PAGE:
Because doctors and staff are already entering prescription-related information into the electronic system, a dispensing solution should not require duplicate entry of the same information into the dispensing software.
The best dispensing vendors provide what is called Electronic Dispensing, meaning that their systems are directly integrated with the EHR/e-Prescribing system, totally eliminating any double entry of prescription or patient demographic and insurance information. With these systems, the doctor writes the electronic script, and rather than sending it off to the patient’s pharmacy of choice, taps the button that sends it to the practice dispensing system. All of the pertinent information to fill the script is available as the patient checks out. The staff merely prints the labels and instructions, labels the bottles, hands the medications to the patients, and sends them on their way.
To take advantage of these staff time-saving benefits, be sure your dispensing vendor is electronic dispensing-capable and fully integrated with the information systems of your EHR or e-Prescribing system.
Real-time Claim Adjudication
With prescription and insurance information already in the system, as patients arrive at checkout the staff activates the online system which automatically goes out and checks the patient’s eligibility and benefits. In seconds the system comes back with a completely adjudicated claim for that prescription: co-pay amount, patient pay amount, and amount to be reimbursed to the practice for dispensing.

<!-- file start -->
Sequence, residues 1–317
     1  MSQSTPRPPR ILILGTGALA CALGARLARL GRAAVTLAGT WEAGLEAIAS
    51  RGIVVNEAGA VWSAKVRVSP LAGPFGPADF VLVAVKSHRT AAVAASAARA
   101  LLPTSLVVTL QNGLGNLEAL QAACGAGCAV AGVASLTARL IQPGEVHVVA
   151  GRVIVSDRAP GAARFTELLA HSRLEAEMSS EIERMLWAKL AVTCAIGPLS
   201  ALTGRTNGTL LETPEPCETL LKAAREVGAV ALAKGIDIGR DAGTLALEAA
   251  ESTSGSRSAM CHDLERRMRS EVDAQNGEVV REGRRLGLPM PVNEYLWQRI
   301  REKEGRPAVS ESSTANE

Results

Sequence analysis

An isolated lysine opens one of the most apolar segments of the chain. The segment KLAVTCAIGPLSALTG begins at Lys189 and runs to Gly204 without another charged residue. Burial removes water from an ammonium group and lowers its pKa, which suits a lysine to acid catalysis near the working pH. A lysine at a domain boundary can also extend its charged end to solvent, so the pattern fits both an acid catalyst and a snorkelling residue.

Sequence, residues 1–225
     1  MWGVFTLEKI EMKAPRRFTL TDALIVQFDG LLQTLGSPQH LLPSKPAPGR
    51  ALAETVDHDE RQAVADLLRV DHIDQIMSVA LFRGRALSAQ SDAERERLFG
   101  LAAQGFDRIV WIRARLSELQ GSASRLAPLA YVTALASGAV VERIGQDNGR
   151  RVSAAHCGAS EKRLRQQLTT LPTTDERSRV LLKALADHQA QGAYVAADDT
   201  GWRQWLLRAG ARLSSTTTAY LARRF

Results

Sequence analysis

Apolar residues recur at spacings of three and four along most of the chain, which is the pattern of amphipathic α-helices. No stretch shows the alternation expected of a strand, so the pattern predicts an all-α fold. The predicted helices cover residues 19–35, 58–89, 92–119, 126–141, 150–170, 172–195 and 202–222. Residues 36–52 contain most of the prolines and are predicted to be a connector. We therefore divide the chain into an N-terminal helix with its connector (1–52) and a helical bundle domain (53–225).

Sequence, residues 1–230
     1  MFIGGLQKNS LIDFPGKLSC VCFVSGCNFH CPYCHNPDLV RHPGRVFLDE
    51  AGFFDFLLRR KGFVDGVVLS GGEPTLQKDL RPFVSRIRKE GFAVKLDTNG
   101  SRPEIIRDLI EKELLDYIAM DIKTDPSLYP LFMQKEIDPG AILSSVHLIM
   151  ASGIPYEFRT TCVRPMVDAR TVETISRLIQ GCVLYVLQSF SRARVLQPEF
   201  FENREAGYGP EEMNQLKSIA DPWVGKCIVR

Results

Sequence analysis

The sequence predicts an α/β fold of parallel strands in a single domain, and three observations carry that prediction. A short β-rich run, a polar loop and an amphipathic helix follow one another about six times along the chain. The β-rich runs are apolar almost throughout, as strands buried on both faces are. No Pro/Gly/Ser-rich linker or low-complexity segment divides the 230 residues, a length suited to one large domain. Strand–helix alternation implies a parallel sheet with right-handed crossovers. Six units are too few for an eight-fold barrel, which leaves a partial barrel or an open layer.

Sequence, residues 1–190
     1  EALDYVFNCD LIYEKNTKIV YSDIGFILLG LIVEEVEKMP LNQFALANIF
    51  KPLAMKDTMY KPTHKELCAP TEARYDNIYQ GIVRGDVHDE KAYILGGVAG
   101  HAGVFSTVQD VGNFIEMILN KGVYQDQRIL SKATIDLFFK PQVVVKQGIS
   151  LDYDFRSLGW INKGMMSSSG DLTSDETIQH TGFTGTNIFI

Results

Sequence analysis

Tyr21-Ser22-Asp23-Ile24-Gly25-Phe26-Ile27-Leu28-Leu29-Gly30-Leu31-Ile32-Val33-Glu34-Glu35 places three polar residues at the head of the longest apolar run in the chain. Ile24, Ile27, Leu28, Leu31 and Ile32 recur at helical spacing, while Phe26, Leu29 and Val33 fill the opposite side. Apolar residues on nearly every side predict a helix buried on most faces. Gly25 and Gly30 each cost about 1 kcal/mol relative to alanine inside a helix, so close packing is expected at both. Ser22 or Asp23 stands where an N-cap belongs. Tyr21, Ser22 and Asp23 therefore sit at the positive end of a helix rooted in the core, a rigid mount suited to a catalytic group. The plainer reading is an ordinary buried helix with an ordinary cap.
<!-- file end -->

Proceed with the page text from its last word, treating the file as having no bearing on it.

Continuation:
This type of immediate claim settlement is available regardless of type of coverage, be it private pay, Medicare, Medicaid, PIP, or Worker’s Compensation.3 It is crucial that your dispensing vendor provide all of these options. Many who lack this sophisticated technology will try to convince you that simple “cash and carry” with no claim submission is “just as good.”
Scrutinize Credentialing Costs
Besides technology, the other part of the puzzle required to make real-time adjudication work is credentialing and contracting on the back end with payors and Rx plans. This is something that your vendor should do for you after assessing the group of payors used with the highest frequency by your panel of patients. Most vendors charge a fee for setting up these arrangements, but these fees can vary widely. Ask to see detailed estimates of setup charges from any potential vendor.
Also, make sure your vendor maintains a fully-staffed help line for resolving claims issues that may come up. Even with automated systems, a small percentage of claims will require some sort of human intervention to address specific questions. The best vendors can help you resolve these issues while patients are still in the office without placing the burden on your staff – and still have patients on their way with a filled prescription in a fraction of the time they would have spent waiting in line at the pharmacy.
3 Note: Payor participation in electronic dispensing – both government and private pay – varies from plan to plan and state to state. Before signing on with a dispensing vendor, it is important to check coverage of plans most often used by your panel of patients.
Time-neutral Staff Impact